Productive with a capital P. Organized with a capital O. And happy whenever I see her. Let me introduce you to my special friend Alice. At 91, I can only hope to have a fraction of her spirit when I get there.
For our recent Quilt Show, Alice made this Challenge Quilt.
It is a Victorian Crazy Quilt Christmas wall hanging that she designed after being inspired by a 2 1/2″ photo of ‘The Night Before Christmas” by Patricia Eaton of McCrea, Arkansas that appeared in Quilter’s Newsletter Magazine.
When I phoned to tell Alice that my bid was the highest and I had received her wall hanging, she asked if she could add a beaded fringe to the quilt, similar to what was in the original picture. Two weeks later she was done. Let me add the point that these beads were not purchased prestrung. They were individual beads that she strung herself!
Take a look at some of the closeups. The variety of embroidery stitches, the beads added to the doilies, the thread details on the buttons…
She has been an active member of our Quilt Guild for almost 30 years. Even though she no longer leaves her house or is able to attend guild meetings, she eagerly awaits the newsletter so that she knows what it going on at the guild, and continues to contribute to most guild activities.
For example, the Challenge Quilt was not the only item Alice had in the Quilt Show. She also made several wall hangings which she donated to the Choice Auction baskets, and she had items for sale in the Boutique.
I was impressed from the first time I met Alice. She says that she never gets bored. Let me tell you why.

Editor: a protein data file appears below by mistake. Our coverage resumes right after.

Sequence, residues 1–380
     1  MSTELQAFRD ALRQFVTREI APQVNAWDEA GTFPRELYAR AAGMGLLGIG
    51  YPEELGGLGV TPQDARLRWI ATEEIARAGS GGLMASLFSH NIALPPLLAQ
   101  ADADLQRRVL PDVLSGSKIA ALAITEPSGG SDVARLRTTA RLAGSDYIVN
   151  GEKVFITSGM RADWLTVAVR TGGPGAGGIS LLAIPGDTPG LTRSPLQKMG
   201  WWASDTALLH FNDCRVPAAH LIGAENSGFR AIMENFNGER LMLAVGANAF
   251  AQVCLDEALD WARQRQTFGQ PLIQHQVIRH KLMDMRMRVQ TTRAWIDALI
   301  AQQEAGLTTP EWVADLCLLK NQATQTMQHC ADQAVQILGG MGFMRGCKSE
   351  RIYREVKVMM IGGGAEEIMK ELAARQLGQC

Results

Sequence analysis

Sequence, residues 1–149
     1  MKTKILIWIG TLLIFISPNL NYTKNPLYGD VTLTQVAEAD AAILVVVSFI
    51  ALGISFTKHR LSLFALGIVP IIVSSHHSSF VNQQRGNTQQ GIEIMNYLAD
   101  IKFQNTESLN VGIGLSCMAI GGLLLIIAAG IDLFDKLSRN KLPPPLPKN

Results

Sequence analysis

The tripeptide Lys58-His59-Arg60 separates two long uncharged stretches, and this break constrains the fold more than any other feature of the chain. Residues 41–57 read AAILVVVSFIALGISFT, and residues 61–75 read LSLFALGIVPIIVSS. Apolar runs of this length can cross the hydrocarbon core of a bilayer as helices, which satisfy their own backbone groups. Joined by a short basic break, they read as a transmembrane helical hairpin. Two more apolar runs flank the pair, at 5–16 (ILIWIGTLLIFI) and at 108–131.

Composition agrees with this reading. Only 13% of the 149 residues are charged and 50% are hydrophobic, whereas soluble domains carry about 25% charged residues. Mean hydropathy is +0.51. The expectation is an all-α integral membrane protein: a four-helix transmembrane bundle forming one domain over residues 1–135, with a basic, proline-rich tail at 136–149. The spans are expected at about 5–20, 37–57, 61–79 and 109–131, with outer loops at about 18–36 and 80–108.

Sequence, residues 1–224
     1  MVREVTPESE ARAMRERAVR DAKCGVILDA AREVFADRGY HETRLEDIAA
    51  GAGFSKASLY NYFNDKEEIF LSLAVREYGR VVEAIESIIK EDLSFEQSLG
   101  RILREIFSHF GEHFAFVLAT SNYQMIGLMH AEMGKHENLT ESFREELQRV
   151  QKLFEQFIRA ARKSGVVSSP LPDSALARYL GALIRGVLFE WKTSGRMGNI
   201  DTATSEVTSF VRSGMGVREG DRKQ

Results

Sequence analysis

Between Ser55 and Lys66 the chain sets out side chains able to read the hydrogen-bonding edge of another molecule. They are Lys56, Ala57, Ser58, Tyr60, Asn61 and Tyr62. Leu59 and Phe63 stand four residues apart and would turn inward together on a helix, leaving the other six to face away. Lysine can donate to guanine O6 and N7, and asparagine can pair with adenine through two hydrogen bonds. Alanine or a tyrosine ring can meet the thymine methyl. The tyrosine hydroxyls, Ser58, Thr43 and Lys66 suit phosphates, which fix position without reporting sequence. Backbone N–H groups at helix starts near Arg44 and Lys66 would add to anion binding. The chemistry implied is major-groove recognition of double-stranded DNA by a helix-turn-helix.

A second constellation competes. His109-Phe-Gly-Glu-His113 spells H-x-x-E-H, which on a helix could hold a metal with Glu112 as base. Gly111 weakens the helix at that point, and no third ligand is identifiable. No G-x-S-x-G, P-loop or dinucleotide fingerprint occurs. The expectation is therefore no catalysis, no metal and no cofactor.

She makes 100 Touch Quilt tops every year. Touch Quilts are lap size quilts given to Alzheimer patients living in personal care homes. They are made with 6″ squares of textured fabrics, enhanced with items the patient can play with. Touching the different fabrics or playing with the items attached to the quilt can bring comfort, happiness, and sometimes reminds the patient of events earlier in their lives. The goal of the Alzheimers Association of Manitoba is to provide each of its 22,000 (and growing) patients with such a quilt.
One of the rooms in Alice’s house is set up ‘assembly line’ style. Trays of fabric squares are divided by fabric type and colour – cotton, denim, corduroy, velvet, polyester, satin etc.
Then the different types of squares are organized and sorted into the trays as they are made. Squares with pockets, keys, and beads …
Squares with thread spools, bears made of fleece, peek-a-boo pockets, zippers or other decorative items of interest…
50 quilt tops were just handed over in April. Here is the first one of the next batch:
Alice has two sewing machines. One is a Singer she purchased in 1952, but most of her sewing is done on an Elna Supermatic Sewing Machine which Alice purchased straight from the factory in Geneva Switzerland in 1956.
Elna was a technological leader in the sewing machine world with new inventions such as the free arm, reverse stitch and decorative stitches created through the use of cams.
Families affected by Alzheimers know better than I the impact a touch quilt has had on their loved one. We will never know all the stories but we can be sure that Alice has touched the lives of many.
I have only known Alice for a short time and I am proud to own one of her pieces.